"At this pivotal time in human evolution, it is vitally important that the mass media and their messages serve our collective psychological and spiritual health,” says futurist Elgin.
Community & Society
It’s chronic. It’s pervasive. It’s almost normal. But is violence a necessary part of the human condition? One school of thought sees violence as a natural factor in evolution, pushing the dynamic of diversity between and within groups. In this lead feature, Shift’s editor McNeill presents a variety of perspectives, and asks us to consider the possibility of a world beyond violent conflict.
Matters of Consequence is a cross-disciplinary map of reality that addresses human concerns at the beginning of the twenty-first century. Among these are personal concerns such as living a creative and significant life, and societal ones such as sustainability and economic justice. The book’s underlying assumption is this: If we come to understand the interior and exterior aspects of the human situation — deeply, comprehensively, clearly — then what needs to be done, both in our personal lives and the world around us, becomes clear.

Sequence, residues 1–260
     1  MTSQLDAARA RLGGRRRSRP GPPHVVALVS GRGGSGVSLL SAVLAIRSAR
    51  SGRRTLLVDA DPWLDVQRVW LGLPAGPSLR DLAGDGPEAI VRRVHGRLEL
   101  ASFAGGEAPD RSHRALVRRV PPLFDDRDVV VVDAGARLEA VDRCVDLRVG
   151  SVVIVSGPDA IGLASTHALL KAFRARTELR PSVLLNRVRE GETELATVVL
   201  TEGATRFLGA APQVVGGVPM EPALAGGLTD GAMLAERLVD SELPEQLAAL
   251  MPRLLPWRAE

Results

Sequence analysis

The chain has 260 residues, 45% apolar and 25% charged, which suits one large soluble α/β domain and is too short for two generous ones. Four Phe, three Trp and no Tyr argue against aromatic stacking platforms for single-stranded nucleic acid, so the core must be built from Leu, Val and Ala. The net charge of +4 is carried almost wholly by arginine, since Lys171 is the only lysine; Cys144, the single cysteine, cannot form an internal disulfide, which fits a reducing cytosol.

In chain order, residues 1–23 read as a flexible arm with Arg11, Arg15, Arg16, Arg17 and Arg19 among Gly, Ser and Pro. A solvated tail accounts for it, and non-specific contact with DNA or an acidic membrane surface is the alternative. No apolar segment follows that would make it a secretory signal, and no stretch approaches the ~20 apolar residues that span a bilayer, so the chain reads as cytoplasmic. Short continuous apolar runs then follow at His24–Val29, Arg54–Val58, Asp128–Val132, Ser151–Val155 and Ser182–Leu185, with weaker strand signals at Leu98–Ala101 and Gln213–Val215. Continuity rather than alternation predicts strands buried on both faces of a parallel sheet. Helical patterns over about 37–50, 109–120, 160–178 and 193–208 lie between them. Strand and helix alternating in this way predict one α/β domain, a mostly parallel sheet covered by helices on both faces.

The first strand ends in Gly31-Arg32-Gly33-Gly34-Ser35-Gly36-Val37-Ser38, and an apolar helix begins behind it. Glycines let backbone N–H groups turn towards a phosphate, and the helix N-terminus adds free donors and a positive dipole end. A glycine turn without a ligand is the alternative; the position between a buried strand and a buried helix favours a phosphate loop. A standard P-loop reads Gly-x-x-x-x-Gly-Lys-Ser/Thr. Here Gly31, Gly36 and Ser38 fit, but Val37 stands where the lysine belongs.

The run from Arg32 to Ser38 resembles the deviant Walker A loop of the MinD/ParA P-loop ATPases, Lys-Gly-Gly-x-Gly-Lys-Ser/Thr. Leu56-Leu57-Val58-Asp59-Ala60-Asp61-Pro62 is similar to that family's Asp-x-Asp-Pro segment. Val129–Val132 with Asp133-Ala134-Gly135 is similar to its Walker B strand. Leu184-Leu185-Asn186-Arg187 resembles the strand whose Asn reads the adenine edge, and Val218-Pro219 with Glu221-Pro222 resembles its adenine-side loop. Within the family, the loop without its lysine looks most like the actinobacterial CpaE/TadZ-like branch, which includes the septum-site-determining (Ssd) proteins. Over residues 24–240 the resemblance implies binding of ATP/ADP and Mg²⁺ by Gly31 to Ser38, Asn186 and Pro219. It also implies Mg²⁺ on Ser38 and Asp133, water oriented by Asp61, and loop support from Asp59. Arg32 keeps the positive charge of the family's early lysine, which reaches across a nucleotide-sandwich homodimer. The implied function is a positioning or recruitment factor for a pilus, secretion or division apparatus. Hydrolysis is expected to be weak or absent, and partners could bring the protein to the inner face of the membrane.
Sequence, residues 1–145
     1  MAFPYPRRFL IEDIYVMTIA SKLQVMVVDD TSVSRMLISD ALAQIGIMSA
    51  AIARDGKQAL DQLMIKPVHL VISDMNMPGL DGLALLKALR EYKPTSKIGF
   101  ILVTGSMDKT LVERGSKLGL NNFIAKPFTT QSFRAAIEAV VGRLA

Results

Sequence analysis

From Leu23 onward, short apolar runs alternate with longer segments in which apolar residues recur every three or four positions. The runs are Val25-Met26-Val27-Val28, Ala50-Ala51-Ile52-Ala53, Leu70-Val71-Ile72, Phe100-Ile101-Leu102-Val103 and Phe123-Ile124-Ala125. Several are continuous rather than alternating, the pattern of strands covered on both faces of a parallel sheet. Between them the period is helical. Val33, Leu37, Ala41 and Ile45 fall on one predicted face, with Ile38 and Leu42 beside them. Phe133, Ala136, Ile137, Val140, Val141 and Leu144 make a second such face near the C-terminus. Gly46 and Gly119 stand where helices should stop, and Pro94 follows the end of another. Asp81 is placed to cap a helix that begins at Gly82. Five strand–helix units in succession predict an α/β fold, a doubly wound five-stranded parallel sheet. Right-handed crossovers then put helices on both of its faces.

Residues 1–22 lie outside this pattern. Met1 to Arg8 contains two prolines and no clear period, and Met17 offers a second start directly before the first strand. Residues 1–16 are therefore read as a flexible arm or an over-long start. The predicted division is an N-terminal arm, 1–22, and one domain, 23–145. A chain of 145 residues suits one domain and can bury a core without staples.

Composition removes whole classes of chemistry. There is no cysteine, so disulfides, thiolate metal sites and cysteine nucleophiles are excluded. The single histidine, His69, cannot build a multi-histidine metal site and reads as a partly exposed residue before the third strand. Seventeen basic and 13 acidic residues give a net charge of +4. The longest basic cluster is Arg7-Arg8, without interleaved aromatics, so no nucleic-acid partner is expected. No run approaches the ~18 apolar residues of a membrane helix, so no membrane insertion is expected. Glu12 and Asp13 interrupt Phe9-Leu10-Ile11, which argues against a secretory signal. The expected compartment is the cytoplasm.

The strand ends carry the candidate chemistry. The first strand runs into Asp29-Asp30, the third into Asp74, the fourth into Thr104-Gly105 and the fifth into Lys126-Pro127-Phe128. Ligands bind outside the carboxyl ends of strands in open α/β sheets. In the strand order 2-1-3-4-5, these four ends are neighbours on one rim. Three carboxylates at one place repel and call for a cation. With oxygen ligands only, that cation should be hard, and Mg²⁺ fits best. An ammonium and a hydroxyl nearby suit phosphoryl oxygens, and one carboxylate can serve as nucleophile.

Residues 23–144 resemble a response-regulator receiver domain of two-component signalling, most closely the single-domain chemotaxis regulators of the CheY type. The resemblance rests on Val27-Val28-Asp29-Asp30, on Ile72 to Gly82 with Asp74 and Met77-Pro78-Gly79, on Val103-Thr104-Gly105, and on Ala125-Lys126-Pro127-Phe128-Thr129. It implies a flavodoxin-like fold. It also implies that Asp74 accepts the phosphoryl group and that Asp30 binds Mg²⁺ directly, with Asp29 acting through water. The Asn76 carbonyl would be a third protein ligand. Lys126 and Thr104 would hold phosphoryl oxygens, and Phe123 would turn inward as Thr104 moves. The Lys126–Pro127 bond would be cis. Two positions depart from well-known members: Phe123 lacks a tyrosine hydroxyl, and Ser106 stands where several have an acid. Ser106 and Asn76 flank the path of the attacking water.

From the Enron debacle to the Martha Stewart scandal, trust in business practices and in corporate leaders has been seriously jeopardized, hitting an all-time low. According to Matthew Gilbert in his latest book, The Workplace Revolution, the problem stems from a relentless work ethic, the tireless pursuit of profit, and the conflict between business values and human values.
A distinguished anthropologist–who is also an initiated shaman–reveals the long-hidden female roots of the world’s oldest form of religion and medicine. Here is a fascinating expedition into this ancient tradition, from its prehistoric beginnings to the work of women shamans across the globe today.
The future is in our hands, says psychiatrist, artist, and futurist Charles Johnston. And creativity will determine what it looks like.
Indigenous traditions of justice that favor communal health over individual retribution restore peace, harmony, and balance to the whole.
The late humanistic psychologist Carl Rogers speaks to the profound importance of knowing "the other."
A moving passage from Barasch’s new book, Field Notes on the Compassionate Life: A Search for the Soul of Kindness.
I’m an African-American woman, which is significant in one respect, and it’s totally insignificant in another." Find out why in this wide-ranging dialogue with the passionate Belvie Rooks.